Protein deficiency is very unlikely in the absence of energy (kcal/kJ) deficiency, but can occur in very poor quality diets where the majority of energy comes from fat/oil, sugar or other low quality carbohydrate source. However consuming meat or other animal products is never necessary to overcome it. In many cases leaves that are currently discarded as part of an existing food crop could be utilised as a protein source. For example, the leaves of the cassava plant, normally discarded, are much richer in protein (21 to 32%) than the cassava roots (0.7 to 2%).

What humans chose to eat by taste or tradition is unlikely to coincide with what is optimal nutritionally or environmentally, hence the need to inform our food choices and food production plans with both nutrition science and environmental science.

I couldn’t agree more that we need to not merely look at what will happen if we keep doing what we are doing, we need to look at what we could do differently, and start doing it.
Amanda Benham (dietitian and nutritionist)


“…A 124 page paper called “Explaining child malnutrition in developing countries” by acknowledged experts (yes, from IFPRI), has not a single occurence of the word ‘protein’…”

Not sure how relevant that is. Turns out, there are also no instances of the words vitamins, minerals, fats, or even nutrients in that PDF.

Not that I disagree that livestock needs to be scaled back somehow. I think the FAO and IFPRI are both taking approaches that acknowledge the importance of (ASF) animal source foods to the poor, particularly poor subsistence farmers. And I still think for clarity’s sake, you should refer to cattle when talking about cattle and animal source foods (ASF) instead of just meat, since they are all on par as far as negative ramifications are concerned.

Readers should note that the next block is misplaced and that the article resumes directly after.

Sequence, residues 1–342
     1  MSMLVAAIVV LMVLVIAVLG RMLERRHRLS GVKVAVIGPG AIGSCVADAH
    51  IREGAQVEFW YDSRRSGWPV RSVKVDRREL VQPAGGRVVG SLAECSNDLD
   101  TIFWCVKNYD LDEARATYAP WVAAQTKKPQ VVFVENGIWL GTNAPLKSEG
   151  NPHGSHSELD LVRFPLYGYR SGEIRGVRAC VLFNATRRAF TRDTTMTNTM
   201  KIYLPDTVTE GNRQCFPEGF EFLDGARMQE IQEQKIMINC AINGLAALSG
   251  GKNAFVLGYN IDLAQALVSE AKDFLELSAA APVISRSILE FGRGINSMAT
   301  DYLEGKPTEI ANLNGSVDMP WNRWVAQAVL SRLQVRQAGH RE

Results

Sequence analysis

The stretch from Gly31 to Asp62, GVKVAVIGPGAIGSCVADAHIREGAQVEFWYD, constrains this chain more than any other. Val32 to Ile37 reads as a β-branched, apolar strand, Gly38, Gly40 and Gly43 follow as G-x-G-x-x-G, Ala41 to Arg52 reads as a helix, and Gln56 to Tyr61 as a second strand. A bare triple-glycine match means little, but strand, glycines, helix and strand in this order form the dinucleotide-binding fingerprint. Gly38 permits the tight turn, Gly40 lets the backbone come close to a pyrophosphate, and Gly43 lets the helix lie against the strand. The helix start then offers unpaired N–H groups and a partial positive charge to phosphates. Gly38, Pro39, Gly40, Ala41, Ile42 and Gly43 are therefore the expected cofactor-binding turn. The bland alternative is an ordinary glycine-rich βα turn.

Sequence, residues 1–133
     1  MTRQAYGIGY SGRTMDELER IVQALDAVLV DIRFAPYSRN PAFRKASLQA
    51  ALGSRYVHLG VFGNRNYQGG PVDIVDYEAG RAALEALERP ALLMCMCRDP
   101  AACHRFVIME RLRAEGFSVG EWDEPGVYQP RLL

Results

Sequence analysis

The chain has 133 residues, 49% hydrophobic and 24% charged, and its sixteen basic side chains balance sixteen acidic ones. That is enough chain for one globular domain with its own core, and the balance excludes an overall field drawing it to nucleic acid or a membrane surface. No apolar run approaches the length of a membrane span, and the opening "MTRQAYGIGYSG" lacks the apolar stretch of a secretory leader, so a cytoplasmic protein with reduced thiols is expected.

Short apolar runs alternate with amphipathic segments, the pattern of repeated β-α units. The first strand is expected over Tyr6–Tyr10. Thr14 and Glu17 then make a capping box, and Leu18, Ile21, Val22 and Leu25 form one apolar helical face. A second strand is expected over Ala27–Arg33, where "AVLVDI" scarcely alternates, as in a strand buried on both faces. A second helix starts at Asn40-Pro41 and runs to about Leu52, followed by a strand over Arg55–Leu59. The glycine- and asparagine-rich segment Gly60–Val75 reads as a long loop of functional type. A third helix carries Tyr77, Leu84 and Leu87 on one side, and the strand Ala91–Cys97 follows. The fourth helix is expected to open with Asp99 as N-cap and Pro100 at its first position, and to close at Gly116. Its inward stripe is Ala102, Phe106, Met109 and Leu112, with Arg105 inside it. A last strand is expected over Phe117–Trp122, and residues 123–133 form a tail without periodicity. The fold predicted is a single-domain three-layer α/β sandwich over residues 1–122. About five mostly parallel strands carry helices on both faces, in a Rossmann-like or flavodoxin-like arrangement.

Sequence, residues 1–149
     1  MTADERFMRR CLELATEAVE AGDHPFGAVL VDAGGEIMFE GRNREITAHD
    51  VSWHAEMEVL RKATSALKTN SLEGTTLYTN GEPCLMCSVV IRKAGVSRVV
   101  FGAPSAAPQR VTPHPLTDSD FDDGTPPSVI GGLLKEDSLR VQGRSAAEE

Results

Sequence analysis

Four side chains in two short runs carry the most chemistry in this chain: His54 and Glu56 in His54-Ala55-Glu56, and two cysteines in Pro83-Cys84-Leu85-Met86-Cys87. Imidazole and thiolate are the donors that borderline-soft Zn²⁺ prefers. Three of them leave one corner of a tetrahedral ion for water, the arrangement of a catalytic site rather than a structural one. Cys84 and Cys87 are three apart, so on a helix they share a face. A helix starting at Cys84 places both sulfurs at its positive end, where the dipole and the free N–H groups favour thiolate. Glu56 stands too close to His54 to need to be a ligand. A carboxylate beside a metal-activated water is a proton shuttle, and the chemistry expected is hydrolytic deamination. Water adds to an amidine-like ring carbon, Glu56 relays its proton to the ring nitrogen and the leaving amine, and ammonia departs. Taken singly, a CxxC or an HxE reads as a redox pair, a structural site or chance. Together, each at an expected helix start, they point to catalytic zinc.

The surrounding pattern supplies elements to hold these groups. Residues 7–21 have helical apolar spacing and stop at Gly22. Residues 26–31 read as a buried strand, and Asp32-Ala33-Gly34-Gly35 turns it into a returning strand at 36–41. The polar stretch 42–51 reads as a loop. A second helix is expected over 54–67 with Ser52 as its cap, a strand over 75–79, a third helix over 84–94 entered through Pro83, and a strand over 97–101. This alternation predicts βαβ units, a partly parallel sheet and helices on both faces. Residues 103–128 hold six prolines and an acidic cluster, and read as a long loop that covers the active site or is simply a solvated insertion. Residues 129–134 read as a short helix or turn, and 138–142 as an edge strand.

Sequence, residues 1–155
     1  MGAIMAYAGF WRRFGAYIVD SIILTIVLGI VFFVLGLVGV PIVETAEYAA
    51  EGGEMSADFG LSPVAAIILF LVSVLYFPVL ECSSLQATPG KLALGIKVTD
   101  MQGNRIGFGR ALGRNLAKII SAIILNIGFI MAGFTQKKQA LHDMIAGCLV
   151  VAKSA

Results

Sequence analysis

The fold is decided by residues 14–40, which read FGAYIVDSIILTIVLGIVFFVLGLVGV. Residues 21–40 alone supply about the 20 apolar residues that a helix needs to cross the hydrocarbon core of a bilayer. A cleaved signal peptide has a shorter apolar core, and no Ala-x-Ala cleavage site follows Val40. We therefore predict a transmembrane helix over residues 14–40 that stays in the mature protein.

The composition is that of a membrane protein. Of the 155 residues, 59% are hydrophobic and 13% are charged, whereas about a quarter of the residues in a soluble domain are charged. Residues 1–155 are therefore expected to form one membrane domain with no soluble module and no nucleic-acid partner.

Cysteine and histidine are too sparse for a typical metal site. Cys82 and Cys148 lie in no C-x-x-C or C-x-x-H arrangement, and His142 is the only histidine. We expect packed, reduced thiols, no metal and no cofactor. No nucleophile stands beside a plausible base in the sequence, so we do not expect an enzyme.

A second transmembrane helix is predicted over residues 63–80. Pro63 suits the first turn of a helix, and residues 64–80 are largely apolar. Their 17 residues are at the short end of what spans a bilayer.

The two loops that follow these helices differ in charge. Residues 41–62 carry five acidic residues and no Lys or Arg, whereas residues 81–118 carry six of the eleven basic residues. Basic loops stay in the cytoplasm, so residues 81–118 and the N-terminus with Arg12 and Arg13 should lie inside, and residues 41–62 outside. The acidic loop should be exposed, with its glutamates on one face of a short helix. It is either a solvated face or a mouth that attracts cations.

Nutrition issues involve a lot more than just protein. Some more food for thought:

“…nutrition programs have shifted their primary emphasis from control of protein deficiency, to energy deficiency, and now to micronutrient deficiencies…

…1) the most important findings of the CRSP were that faltering in height and weight of children occurs early and was not caught up later in life; and 2) the quality of food (specifically ASF and micronutrient content) was a much stronger determinant of nutritional status than was the quantity of food.

…1) growth stunting started at birth (or before) and was complete by 18–24 mo; 2) protein intakes and protein quality were adequate in all three locations as were energy intakes except when a famine occurred in Kenya; and 3) ASF intake was the strongest predictor of functional capacity (such as growth, lactation outcome and cognitive function)…”

See from for full quotes in context.

…Interesting …did anyone else get an audio file over their computer speakers of a woman feeding a steak to a dog while visiting this site?


Really good book on this is “In Defense of Food” by Micheal Pollen

The first line is “Eat Food. Not too much. Mostly plants.”

He then goes onto explain that this sums up the complicated problem of feeding the worlds population. He also goes on to detail the hijacking of food by nutritionalists and the harm that this has done. Pretty much what the post’s author is saying about protein obsession.

If we all ate less meat then the 8 kilograms of plants that go to make 1 kg of meat would be available to eat.

It makes sense that if we at more plants rather than converting them into meat then we could feed a lot more people.

Mind you we still have to distribute the food the the people which has always been the hard bit.


Russ: I spent a long time chasing down the Kenyan research covered in

I started with glowing claims in Livestock’s Long Shadow about the value of animal source foods (meat, milk and eggs) as proved by that research … only to find eggs weren’t even used, milk did nothing and the results for meat were of little if any biological significance. Now you are quoting from a paper (Allen) which presents results in general terms and to get to the data you need to trace backwards and I find many a permutation of the same names … Charlotte Neumann and her crew. Last time I went chasing I emailed Neumann about the “missing cohort”, but never got a reply.